The Constitution specifies two different ways for amendments to the Constitution to be proposed. The first method allows Congress to propose amendments when such amendments are approved by at least a two-thirds vote in both houses. (1) The States can then ratify the proposed amendments. The second method is less familiar to most people, as it has never been used. This method requires Congress to call a constitutional convention to propose amendments when two-thirds of the States apply for such a convention. (2) Many questions exist about the use of this amendment process. May the convention's scope be limited to certain subject matters? If so, who may limit it? How are state applications to be tallied--separately by subject matter or cumulatively, regardless of their subject matter? What is the relevance of the convention method of proposing amendments? Why should it ever be used? Some of these uncertainties about the convention have most likely contributed to states' reluctance to use the method. Yet, as of 1993, almost 400 convention applications had been submitted to Congress by the States since 1789. (3) This Note will attempt to explore the history of the Convention Clause in Article V and answer some of the questions about its use.
A. The Constitutional Convention
Much of the confusion about Article V comes from its ambiguous language. This ambiguity is the result of compromises at the Philadelphia Convention of 1787 between groups that wanted to exclude the national legislature from participating in the amendment process and groups that wanted to grant the national legislature the sole authority to amend. (4) The earliest proposal for an amendment provision, contained in the Virginia Plan, stated that "the assent of the National Legislature ought not to be required" to amend the Constitution. (5) Convention delegates privately circulated a proposed constitution authored by Alexander Hamilton (6) that gave the power to amend the Constitution to the national legislature and the power of ratification to legislatures or conventions in the States. (7) The Convention's first official action regarding the method for amending the Constitution was to adopt Resolution 17, which stated that the Constitution should contain some means for amendment, but did not specify the particular process to be used. (8)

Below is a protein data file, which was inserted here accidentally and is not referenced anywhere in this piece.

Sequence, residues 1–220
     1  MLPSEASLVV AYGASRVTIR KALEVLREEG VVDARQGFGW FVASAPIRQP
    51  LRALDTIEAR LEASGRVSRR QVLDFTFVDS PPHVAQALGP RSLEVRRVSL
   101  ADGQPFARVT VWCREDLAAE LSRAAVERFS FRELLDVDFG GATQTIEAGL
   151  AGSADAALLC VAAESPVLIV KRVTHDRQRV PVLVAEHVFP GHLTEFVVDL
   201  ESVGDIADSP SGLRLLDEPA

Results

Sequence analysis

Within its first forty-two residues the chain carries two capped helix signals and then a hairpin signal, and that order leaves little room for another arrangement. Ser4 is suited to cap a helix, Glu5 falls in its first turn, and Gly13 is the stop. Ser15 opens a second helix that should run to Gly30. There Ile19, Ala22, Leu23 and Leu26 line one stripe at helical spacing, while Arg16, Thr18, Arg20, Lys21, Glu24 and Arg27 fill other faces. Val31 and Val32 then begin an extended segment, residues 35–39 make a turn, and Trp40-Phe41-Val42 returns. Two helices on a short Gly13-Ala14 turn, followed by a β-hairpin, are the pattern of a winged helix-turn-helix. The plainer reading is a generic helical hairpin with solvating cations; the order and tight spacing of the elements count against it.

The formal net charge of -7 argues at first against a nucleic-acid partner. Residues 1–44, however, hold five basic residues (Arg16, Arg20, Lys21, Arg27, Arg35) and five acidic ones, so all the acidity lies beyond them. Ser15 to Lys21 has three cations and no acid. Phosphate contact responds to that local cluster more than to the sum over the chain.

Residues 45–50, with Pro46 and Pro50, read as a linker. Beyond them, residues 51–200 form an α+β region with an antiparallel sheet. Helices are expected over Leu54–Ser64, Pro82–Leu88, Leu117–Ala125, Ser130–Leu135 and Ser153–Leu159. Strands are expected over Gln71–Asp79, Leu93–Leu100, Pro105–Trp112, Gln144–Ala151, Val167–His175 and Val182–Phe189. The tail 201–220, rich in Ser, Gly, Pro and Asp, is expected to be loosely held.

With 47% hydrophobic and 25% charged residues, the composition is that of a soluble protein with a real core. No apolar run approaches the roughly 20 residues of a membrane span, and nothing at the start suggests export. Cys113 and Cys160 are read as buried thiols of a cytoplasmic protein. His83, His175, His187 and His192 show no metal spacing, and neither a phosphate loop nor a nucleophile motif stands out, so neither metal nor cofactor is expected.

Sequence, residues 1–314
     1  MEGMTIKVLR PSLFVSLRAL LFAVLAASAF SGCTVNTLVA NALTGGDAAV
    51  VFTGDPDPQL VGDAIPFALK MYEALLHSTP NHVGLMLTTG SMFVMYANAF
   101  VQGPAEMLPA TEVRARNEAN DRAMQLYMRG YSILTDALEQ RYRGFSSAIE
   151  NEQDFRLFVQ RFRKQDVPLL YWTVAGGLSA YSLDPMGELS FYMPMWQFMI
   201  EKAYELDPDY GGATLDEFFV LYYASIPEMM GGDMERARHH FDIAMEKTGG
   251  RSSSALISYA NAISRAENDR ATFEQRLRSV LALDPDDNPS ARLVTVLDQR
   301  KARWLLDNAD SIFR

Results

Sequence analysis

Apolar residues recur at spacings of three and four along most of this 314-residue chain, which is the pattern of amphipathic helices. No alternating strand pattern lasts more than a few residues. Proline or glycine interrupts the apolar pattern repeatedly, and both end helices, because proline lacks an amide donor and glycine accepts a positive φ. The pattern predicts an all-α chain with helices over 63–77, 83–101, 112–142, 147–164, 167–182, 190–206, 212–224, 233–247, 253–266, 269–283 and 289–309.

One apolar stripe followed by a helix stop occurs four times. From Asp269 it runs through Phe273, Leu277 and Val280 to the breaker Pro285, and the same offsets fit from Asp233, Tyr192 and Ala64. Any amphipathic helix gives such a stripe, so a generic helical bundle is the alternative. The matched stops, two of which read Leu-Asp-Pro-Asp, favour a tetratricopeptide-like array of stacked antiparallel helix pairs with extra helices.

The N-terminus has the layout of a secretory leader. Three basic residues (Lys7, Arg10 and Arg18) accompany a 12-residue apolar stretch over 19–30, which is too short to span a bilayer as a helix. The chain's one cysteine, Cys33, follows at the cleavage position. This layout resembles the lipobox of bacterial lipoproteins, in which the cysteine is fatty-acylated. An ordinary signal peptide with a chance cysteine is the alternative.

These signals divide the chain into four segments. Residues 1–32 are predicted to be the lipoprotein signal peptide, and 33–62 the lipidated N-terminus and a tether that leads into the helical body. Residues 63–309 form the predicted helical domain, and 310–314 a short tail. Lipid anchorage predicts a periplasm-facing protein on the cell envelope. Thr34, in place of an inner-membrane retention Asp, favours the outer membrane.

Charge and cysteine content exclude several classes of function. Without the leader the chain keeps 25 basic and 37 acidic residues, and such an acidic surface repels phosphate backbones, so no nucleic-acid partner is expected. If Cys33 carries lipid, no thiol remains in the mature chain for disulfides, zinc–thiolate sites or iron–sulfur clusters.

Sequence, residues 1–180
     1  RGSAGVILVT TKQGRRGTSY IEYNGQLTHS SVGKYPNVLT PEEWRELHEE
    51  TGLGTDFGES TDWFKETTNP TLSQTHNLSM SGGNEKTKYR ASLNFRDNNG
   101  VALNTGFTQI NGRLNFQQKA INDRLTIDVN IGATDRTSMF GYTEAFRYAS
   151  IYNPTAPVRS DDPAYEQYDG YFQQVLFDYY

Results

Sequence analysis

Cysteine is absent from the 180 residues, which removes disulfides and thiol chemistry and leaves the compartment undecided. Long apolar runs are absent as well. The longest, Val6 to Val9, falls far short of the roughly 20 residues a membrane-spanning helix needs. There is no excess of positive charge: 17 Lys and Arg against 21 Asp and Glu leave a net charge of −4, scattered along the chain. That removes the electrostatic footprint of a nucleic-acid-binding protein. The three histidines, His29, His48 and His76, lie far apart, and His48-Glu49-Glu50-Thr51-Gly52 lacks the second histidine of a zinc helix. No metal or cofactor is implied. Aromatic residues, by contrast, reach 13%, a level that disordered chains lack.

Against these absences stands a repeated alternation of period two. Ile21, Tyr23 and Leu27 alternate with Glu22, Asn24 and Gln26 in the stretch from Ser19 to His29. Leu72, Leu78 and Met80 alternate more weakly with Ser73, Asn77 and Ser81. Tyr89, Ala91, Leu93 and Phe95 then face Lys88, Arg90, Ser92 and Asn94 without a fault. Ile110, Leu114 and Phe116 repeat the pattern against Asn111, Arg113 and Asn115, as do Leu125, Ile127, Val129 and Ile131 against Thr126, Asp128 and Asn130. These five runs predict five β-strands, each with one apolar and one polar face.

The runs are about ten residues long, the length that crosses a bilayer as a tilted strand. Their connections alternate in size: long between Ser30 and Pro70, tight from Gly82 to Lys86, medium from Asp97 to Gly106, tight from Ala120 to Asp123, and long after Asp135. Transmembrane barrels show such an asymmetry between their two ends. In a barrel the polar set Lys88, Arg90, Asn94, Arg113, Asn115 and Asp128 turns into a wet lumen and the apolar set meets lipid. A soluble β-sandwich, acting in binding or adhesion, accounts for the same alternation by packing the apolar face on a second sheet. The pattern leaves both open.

The first reference to the use of a convention requested by the States is found in drafts of the Constitution kept by the Committee of Detail. (9) After several revisions, the Committee's final statement stated that "[t]his Constitution ought to be amended whenever such Amendment shall become necessary; and on the Application of the Legislatures of two thirds of the States in the Union, the Legislature of the United States shall call a Convention for that Purpose.' (10) Hamilton and others argued that in addition to State legislatures, Congress should also have the power to propose amendments, and the Convention approved the addition of language giving Congress the power to propose amendments. (11) James Madison proposed new language that removed reference to a convention and gave the national legislature sole authority to propose amendments whenever it would "deem necessary, or on the application of two thirds of the Legislatures of the several States." (12) This language was adopted by the Convention, with no discussion about the elimination of the references to the use of conventions. (13)
On September 15, as the Convention was reviewing the revisions made by the Committee of Style, George Mason expressed opposition to the provisions limiting the power to propose amendments to Congress. According to the Convention records, Mason thought that "no amendments of the proper kind would ever be obtained by the people, if the Government should become oppressive, as he verily believed would be the case." (14) In response, Gouverneur Morris and Elbridge Gerry made a motion to amend the article to reintroduce language requiring that a convention be called when two-thirds of the States applied for an amendment. …